Investors have to take some personal responsibility for their own actions, but one of the reasons so many people struggle with their investments is because many in the field of finance tend to perpetuate myths, rules of thumb and assumptions that just aren’t true.
Here are some that come to mind that can be harmful to those outside of the financial arena who are just trying to understand how things really work:
Investing is about finding new opportunities and security selection. In reality, new ideas and security selection are overrated. Portfolio management is really about risk management and portfolio construction. If you can’t get these things right it won’t matter how many new opportunities or stock picks you come across. Those are just tactics, not a portfolio.
200 page quarterly reports are a good idea. Charlie Munger once said, “Any time anybody offers you anything with a big commission and a 200 page prospectus, don’t buy it.” The same could be said about advisors, consultants or money managers who supply endless pages of performance or portfolio reviews. I’ve seen countless quarterly performance reports in excess of 100 pages. Who reads these things? They’re basically a way for a firm to say, “Look, we’re doing something on your behalf, even if it’s worthless busy work you’ll never bother reading anyways.”
Clients want to be impressed. Finance people have a nasty habit of using jargon to talk over people’s heads under the assumption that clients are looking to be impressed. Some probably are, but most people really just need a better understanding of the complexities involved with the markets and their own investments. It’s more impressive when you can communicate your message in a way that anyone can understand.
People care about risk-adjusted returns. The relationship between risk and reward is one of the most important ones to understand in all of finance, but like all good things, it can be taken too far. Investment people place a high premium on risk measurement, but not enough on actual risk management. Just because something looks good in a formula does not mean it will help someone achieve their financial goals. Yes, volatility matters but you can’t become a slave to some meaningless risk-adjusted return formula because it looks good in a textbook.
Intelligence is all that matters. One of the finance industry’s biggest failings is many blindly assume absolute brilliance is all they need when it’s really a relative game. There are plenty of smart people who are terrible investors because they can’t admit their own limitations. Intelligence is never in short supply on Wall Street, but the correct temperament is.
You have to have an opinion about everything. Some money managers just can’t help themselves and have to predict what’s going to happen with the Fed, the election, interest rates, the price of gold, who the winner on the next season of the Bachelor will be, etc. It’s OK to have a ‘too hard’ pile or simply admit you don’t know what’s going to happen at all times.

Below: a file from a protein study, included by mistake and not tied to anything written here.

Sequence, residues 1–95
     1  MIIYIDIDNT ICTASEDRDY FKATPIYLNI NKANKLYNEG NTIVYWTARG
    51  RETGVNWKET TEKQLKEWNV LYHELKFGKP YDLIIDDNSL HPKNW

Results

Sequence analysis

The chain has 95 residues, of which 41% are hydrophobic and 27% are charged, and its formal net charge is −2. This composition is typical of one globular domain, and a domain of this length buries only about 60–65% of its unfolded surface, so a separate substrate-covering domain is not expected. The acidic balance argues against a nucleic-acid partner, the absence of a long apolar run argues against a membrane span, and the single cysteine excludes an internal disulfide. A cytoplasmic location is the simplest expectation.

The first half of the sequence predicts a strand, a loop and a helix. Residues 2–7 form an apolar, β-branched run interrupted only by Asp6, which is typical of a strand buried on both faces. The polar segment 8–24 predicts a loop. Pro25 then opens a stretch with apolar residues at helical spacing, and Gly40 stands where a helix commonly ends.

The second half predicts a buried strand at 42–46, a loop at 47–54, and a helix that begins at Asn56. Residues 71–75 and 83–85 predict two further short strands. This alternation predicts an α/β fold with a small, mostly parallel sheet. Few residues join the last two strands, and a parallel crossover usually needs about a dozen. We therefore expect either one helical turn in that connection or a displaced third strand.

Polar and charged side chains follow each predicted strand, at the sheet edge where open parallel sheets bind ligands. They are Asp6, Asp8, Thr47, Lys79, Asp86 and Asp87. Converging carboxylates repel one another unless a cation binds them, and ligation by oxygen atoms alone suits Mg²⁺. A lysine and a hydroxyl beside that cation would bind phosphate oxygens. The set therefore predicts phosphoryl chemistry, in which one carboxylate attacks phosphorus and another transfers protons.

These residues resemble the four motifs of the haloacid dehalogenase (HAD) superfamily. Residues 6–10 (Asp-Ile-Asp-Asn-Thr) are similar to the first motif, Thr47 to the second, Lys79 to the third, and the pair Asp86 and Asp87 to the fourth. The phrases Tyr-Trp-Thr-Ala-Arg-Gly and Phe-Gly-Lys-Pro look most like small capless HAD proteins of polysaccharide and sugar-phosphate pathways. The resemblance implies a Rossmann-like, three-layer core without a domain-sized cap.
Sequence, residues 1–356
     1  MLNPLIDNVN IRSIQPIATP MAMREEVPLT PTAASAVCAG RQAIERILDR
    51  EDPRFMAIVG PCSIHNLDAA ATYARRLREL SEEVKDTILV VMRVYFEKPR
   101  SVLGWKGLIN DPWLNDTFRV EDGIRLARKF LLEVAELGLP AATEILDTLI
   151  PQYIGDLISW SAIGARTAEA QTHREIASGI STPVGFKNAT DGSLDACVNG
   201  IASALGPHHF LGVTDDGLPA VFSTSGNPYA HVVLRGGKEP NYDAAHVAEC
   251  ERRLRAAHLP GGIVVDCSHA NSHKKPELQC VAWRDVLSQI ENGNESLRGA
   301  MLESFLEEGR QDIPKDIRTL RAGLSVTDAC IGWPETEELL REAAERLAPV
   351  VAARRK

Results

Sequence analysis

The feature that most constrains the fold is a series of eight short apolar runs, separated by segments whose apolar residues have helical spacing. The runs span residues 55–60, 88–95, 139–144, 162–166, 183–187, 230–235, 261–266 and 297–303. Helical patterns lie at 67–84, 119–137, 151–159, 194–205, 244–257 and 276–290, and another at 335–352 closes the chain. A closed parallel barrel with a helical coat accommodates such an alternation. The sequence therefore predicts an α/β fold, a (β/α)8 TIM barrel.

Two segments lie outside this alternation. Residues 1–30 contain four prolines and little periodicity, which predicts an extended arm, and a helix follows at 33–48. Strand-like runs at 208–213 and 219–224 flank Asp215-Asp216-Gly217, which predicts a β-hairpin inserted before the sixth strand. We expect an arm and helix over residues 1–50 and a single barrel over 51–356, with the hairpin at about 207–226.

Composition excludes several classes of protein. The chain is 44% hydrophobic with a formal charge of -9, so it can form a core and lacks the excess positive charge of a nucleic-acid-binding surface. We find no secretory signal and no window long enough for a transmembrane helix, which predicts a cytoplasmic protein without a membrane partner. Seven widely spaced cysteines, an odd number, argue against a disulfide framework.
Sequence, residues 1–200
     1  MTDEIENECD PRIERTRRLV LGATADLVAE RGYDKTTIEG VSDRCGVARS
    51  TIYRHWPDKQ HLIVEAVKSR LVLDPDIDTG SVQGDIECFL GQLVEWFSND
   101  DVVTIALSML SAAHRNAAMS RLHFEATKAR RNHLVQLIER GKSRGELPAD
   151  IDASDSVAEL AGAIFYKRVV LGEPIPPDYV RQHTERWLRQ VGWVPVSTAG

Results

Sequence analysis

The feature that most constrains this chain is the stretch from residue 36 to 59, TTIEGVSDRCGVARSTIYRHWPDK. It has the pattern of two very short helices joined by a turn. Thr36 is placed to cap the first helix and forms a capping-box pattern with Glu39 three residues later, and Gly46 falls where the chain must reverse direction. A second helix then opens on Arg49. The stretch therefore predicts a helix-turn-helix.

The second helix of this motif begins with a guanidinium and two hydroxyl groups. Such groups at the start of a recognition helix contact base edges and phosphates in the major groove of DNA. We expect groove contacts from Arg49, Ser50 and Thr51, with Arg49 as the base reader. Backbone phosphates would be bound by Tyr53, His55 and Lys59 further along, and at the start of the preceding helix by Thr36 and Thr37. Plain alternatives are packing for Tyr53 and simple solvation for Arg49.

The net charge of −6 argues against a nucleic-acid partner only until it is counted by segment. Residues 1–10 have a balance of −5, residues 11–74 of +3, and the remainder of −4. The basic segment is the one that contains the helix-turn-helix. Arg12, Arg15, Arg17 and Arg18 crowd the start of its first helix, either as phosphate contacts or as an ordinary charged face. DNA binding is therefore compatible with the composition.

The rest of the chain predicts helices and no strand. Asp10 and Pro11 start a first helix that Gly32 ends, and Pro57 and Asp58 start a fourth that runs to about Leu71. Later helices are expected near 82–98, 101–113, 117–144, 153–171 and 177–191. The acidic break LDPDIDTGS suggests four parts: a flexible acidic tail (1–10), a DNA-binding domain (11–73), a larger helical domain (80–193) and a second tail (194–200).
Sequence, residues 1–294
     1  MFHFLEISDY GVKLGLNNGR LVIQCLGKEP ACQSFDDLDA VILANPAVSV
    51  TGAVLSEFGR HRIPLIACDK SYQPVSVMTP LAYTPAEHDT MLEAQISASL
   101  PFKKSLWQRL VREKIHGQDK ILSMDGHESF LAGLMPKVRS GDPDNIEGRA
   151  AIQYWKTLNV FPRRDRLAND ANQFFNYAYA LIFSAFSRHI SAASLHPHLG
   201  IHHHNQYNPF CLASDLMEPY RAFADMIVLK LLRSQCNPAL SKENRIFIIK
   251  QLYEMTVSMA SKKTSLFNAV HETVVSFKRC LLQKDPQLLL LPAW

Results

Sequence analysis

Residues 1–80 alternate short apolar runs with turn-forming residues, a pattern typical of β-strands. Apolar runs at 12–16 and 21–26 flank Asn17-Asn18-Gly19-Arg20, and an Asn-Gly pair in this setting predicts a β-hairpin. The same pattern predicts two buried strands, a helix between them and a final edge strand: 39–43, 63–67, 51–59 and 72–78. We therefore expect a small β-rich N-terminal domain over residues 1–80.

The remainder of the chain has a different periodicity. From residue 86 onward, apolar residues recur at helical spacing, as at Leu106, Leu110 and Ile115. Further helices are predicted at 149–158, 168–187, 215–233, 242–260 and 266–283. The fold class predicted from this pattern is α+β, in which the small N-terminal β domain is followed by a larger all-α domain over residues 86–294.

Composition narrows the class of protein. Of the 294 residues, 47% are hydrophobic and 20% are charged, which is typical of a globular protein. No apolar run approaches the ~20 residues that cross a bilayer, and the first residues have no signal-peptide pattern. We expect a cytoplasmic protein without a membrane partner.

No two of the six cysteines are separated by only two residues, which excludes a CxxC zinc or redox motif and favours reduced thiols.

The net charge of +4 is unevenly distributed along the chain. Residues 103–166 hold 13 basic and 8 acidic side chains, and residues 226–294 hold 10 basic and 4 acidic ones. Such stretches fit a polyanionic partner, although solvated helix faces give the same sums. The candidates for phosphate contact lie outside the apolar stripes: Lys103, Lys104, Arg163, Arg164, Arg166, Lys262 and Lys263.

People need certainty. While people may crave certainty, what they really need is an honest assessment of the current situation and the prospects for the future. There’s no room in the financial markets for always or never, 0% or 100%. It doesn’t work that way. The best you can do is perform an assessment on future probabilities and scenarios, but nothing is ever set in stone.
Complex markets require complex solutions. To me, this is one of the most damaging myths out there for most investors. The simpler, the better (with the understanding that simpler does not mean easier). There are no extra points for degree of difficulty.
Past performance is all that matters. Past performance always requires context — investment style, market & economic environment, assets under management (then & now), the current situation, how returns were calculated, the amount of risk involved to get said performance, fees, luck, skill, future prospects, the process employed, etc. While the markets can be something of a running scoreboard of your investment decisions, you always need to provide context around historical returns.
Clients need more choices, more ideas, more products, more portfolio changes, more everything. Nope. Less is more. The best in this business know how to pay attention to fewer and fewer things — and only the ones that matter.
You need a repeatable process. I hear this one all the time. And while I agree that a repeatable process can be helpful, it’s an incomplete solution. What really matters is your discipline to follow a process. I’ve seen many a “repeatable process” that gets changed because something doesn’t go as planned. A process only works if you’re able to follow-through with it and have repeatable actions yourself.
Not everyone in finance works on Wall Street. I’ll call myself out on this one. People tend to lump everyone in the finance industry together as if there’s one big entity called “Wall Street.” There are plenty of great people who work in finance. Most firms just need a change in culture and incentives.
What’s Right With Finance
Now here’s what I’ve been reading lately:
- Most of what you think about investing is probably wrong (Fortune Financial)
- Start now (Reformed Broker)
- In defense of the niche firm (CFA Institute)
- The really obvious thing we all forget when borrowing money (Monevator)
- Meditations for investors (Bason)
- Let’s bury the active vs. passive debate (Meb Faber)
- The future of investment management (The Thought Factory)
- The correct lesson from surprises: the world is surprising (Collaborative Fund)
- It’s not what you earn but what you keep that matters (Research Puzzle)
- Detroit Lions player saves 70% of his income and lives off the rest (ESPN)